In the framework of gas-phase ion-molecule chemistry, the formation of CH is initiated by the slow radiative association between ionised carbon C+ and molecular hydrogen H2, leading to CH2+, because the direct reaction to form CH+ faces an energy barrier of $\sim $4640 K (Black & Dalgarno 1973; Godard et al. 2009).

In low-density gas illuminated by ultraviolet radiation, the reaction of C+ with vibrationally excited H2 is not efficient enough to bypass the radiative association reaction (Agundez et al. 2010). Once formed, CH2+ rapidly reacts with H2 to form CH3+, a key precursor of many interstellar hydrocarbons. CH results from the dissociative recombination of both CH2+ and CH3+. It is expected theoretically, and verified by the observations, that the CH column density will scale with the H2 column density in regions where the chemistry is dominated by the ultraviolet radiation (Cardelli et al. 1991; Sheffer et al. 2008).

The chemistry of the diffuse interstellar medium cannot be entirely captured by the simple framework described above, as reactions on surfaces and transient processes may play important roles, too. For example, the energy release mediated by magnetic fields in the dissipation regions of strong interstellar turbulence may drive a ``warm chemistry'' where reactions that would otherwise be inhibited at low temperature become important (Godard et al. 2009). The methylidyne ion, CH+, is predicted to arise in such turbulent dissipation regions. There is already observational evidence that some fraction of the CH forms from CH+ (Pan et al. 2005), in addition to the quiescent, photon-dominated source discussed above. We present here a comparison of CH with other carbon species present in the diffuse interstellar medium, HCO+, CN, and CCH towards the targets, W31C, W51, and W49N (Table 2).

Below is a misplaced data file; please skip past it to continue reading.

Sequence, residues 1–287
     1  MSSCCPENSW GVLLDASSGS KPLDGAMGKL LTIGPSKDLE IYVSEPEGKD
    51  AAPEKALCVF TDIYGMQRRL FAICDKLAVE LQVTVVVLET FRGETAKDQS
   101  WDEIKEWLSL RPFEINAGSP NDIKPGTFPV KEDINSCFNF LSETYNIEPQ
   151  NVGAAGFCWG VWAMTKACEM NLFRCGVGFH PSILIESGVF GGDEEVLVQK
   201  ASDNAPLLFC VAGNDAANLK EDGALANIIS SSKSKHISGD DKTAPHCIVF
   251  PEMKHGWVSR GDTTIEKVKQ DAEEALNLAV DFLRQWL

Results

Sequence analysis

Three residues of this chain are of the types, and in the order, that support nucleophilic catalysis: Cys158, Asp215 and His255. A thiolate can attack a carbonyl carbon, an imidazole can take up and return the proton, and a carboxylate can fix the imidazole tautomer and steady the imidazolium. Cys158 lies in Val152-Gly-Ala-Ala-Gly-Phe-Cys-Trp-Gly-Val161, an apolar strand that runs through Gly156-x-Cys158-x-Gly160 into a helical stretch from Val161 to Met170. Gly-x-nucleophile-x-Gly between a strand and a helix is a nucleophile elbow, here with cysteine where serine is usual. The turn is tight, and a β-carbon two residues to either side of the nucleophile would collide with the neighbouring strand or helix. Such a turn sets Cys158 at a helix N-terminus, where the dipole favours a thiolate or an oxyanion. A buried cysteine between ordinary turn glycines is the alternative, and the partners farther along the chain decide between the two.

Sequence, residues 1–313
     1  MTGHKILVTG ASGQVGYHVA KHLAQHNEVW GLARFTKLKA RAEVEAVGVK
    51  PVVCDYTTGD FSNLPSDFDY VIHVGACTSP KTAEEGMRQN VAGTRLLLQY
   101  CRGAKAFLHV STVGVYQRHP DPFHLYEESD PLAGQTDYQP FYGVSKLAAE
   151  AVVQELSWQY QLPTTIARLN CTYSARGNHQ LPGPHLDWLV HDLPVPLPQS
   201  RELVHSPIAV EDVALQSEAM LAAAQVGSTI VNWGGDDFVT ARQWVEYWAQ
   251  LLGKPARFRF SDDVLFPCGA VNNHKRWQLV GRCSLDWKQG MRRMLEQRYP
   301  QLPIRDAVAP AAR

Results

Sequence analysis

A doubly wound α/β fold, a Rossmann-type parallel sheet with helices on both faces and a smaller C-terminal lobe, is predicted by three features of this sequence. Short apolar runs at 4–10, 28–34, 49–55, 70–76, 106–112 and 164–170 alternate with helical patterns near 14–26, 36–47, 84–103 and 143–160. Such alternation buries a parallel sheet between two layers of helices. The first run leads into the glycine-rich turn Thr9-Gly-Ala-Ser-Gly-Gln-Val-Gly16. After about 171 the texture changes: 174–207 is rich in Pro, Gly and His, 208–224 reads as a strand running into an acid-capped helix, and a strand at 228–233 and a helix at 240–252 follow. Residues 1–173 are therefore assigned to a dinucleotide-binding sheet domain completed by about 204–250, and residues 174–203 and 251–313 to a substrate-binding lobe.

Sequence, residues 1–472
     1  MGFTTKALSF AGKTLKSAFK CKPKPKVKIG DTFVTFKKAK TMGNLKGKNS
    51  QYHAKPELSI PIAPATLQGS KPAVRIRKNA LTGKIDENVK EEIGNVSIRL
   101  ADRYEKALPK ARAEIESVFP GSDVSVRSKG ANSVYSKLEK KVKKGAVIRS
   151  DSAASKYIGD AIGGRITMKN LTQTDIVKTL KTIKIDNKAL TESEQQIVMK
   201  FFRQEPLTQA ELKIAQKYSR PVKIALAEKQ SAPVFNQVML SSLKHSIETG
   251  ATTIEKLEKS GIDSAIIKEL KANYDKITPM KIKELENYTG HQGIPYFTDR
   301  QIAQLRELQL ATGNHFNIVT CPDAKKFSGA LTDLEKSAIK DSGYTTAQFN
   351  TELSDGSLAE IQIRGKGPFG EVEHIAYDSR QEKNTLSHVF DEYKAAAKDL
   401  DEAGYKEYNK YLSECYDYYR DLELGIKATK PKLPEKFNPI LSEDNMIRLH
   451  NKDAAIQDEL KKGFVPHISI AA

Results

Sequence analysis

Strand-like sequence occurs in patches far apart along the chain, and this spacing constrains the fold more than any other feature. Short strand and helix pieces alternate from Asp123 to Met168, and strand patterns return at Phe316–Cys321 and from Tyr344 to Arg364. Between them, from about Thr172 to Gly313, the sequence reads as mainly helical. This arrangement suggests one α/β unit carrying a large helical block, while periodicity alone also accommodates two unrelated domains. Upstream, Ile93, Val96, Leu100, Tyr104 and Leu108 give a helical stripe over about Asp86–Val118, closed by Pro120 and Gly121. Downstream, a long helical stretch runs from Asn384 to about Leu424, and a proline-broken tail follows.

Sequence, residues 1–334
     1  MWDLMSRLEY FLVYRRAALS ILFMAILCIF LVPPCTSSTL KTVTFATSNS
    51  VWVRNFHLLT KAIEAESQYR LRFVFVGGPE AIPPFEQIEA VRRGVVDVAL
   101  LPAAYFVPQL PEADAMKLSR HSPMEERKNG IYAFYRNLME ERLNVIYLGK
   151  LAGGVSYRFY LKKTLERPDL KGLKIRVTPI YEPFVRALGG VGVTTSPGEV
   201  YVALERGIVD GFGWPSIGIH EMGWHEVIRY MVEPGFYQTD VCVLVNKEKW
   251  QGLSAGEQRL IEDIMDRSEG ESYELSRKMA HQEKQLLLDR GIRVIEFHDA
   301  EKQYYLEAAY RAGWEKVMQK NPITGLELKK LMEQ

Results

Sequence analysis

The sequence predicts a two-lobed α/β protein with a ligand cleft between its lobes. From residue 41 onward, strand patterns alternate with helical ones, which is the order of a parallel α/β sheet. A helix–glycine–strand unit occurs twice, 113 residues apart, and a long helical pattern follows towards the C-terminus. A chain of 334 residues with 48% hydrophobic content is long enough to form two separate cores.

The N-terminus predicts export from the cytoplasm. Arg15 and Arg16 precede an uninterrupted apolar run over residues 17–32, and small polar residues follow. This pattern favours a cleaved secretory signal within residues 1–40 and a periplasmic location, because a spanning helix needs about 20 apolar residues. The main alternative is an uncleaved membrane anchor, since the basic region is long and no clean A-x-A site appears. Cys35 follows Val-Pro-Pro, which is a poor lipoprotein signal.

2 Observations

The observations were performed with the Herschel/HIFI instrument (de Graauw et al. 2010) in 2010 March and April. The data were taken in double beam switching (DBS) mode with a throw of 3 arc-min. To remove the ambiguity on the line frequency in observations performed with double side band mixers, each line was observed with three settings of the local oscillator (LO). We used the two HIFI spectrometers: the wide band spectrometer (WBS) that provides a total bandwith of 4 GHz, with 1.1 MHz spectral resolution (0.56 km s-1at 532 GHz), and the high resolution spectrometer (HRS) with 0.12 MHz spectral resolution. The on-source integration times have been set to reach a S/N ratio on the continuum of at least 50 for a velocity resolution of 1 km s-1. This translates into observing times of 23, 7.5 and 11 min for G10.6-0.4, W49N and W51, respectively, for each CH line.

The spectra were calibrated with a hot and cold blackbody (Roelfsema et al. 2010). because we are interested in the absorption, we have not corrected the data for the main beam efficiency. The data were first processed using HIPE (Ott et al. 2010), and subsequently exported to CLASS (Hily-Blant et al. 2005; Pety 2005). For each source, the data obtained with the three LO settings were in excellent agreement (better than 10%) and could be co-added. The spectra obtained from the H and V polarization mixers agreed well. The continuum levels agree well for both polarizations, but do not generally coincide. At 532 GHz, we obtained a double side band continuum $T_{\rm c}$ of $0.94 \pm 0.03$ K, $1.5 \pm 0.5 $ K and $1.8 \pm 0.1 $ K for G 10.6-0.4, W49N, and W51. We produced normalized spectra as $I =
2(T-\frac{T_{\rm c}}{2})/T_{\rm c}$, where T stands for the antenna temperature, and we assume that the relative gains of the lower and upper side bands are equal. The H and V normalized spectra were finally co-added to produce the spectra shown in Figs. 1-3.

\begin{figure}
\par\includegraphics[width=8.5cm,clip]{15115-fig1.eps}
\end{figure} Figure 1:

Top: normalized spectra of the CH transitions at 532 GHz and 536 GHz towards G 10.6-0.4. The 536 GHz spectrum has been shifted by 1 for clarity. Bottom: decomposition of the 532 GHz line into three hyperfine components, the red line shows the main component, the blue and green lines the satellites, and the grey curve the sum of the three components. The data are shown with a black dashed line.

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\begin{figure}
\par\includegraphics[width=8.5cm,clip]{15115-fig2.eps}
\end{figure} Figure 2:

Same as Fig. 1 for W49N.

Open with DEXTER

\begin{figure}
\par\includegraphics[width=8.5cm,clip]{15115-fig3.eps}
\end{figure} Figure 3:

Normalized spectra of the CH transitions at 532 GHz and 536 GHz towards W51. The 536 GHz spectrum has been shifted for clarity. The grey lines show the model, the positions of the CH triplets for the four velocity components are indicated below each transition.